ment and the individual scans, an image is composed
by horizontally stacking the acquired one pixel wide
scans. Thus, the obtained images have a fixed height
of 2048 pixels and a variable length of between 10K
Towards Cargo Wagons Brake Health Scoring through Image Processing
Figure 1: Image acquisition system.
and 50K pixels depending on the type of wagon that
is being scanned and possible variations in speed. Af-
ter the acquisition process, the images are temporally
stored locally before uploading them to a cloud object
storage. A partial example is shown in Figure. 2.
This type of setup allows the real-time acquisition
of cargo wagon images, from a constant perspective,
and without disturbing nor interrupting the daily op-
erations of the railway system. Moreover, the imple-
mentation of this system does not require major struc-
tural changes in the existing infrastructure.
3.2 Object Detection Module
The object detection module receives images of the
lower section of the wagons acquired by the camera
bridge system and extracts regions of interest con-
taining previously selected objects. The detected ob-
jects include brakes, axis, hooks, bumpers, wheels,
and UIC-ID numbers. This step is shared between
the cargo wagon identification and multiple health es-
timation analysis. Nonetheless, the object detection
is performed at lower resolutions than each health
analysis in order to reduce the computational require-
ments of the pipeline. The object detection of the cur-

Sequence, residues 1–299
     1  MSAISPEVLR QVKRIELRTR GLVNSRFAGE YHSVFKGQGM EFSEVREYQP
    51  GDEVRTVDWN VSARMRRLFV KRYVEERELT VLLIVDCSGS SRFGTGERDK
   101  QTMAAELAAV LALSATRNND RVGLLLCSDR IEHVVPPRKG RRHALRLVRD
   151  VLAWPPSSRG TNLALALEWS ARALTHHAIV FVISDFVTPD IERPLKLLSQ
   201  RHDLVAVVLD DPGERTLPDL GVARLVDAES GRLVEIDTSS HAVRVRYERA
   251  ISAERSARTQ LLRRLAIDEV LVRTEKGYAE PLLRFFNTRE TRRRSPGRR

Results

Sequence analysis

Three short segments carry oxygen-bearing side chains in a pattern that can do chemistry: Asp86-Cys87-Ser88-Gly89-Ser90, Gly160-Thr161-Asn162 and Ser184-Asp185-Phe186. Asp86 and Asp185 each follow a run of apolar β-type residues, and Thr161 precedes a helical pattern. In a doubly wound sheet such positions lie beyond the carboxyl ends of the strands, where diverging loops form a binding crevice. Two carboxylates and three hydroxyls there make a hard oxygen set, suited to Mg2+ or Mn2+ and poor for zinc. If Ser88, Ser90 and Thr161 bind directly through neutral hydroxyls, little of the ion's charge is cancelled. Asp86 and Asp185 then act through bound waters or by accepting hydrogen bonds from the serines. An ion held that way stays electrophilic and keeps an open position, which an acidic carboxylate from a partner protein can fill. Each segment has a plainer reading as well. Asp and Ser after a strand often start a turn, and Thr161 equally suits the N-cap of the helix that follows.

rent work focuses on the extraction of the four brakes
present in each image.
Before performing the analysis, the images were
normalized and resized to a constant width of 2400.
Then a Faster RCNN (Ren et al., 2015) using as a
backbone a ResNet-101 (He et al., 2016) is used to
perform the object detection. This combination al-
lows the extraction of smaller objects without com-
promising on performance. An example of the de-
tected brakes can be seen in Figure. 2.
To compensate for the changing illumination con-
ditions and the lack of faulty or degraded brakes, the
process of training the Faster RCNN relied on data
augmentations. Specifically, random scale changes,
horizontal flips, and photometric distortions of bright-
ness, contrast, saturation, and hue were added.
3.3 Keypoint Detection Module
The keypoint detection module aims to extract land-
mark locations of the brakes, which are directly re-
lated to their usage and degradation. Having into
consideration the horizontal stretching and compres-
sion generated by the data acquisition system, the
extracted landmarks must suffice to indirectly com-
pute the width of the brake pads, which diminishes
with their remaining useful life (RUL). Thus, for each
brake pad, six keypoints are detected, consisting of
the upper, middle, and lower points of the inner and
outer sides of the pad. Each brake contains two pads,
an upper pad and a lower pad, which are denoted as A
and B respectively. Similarly, the axis of the brake is
also extracted as a keypoint.
The defined keypoints are structural points that ex-
ist in all the brakes of the considered wagon type.
However, in different types of cargo wagons, pad A
can be partially or completely occluded (Figure. 3) by
other structural components such as the leaf springs.
Thus, not all the brake images will contain a full set of
keypoints for the brakes. The selected model for the
keypoint detection is a variant of the Faster RCNN
with a ResNet-101 mentioned before. While using
the same model architecture as before, the bounding
box regressor is modified to compute each keypoint.
Similarly, each brake is extracted from the original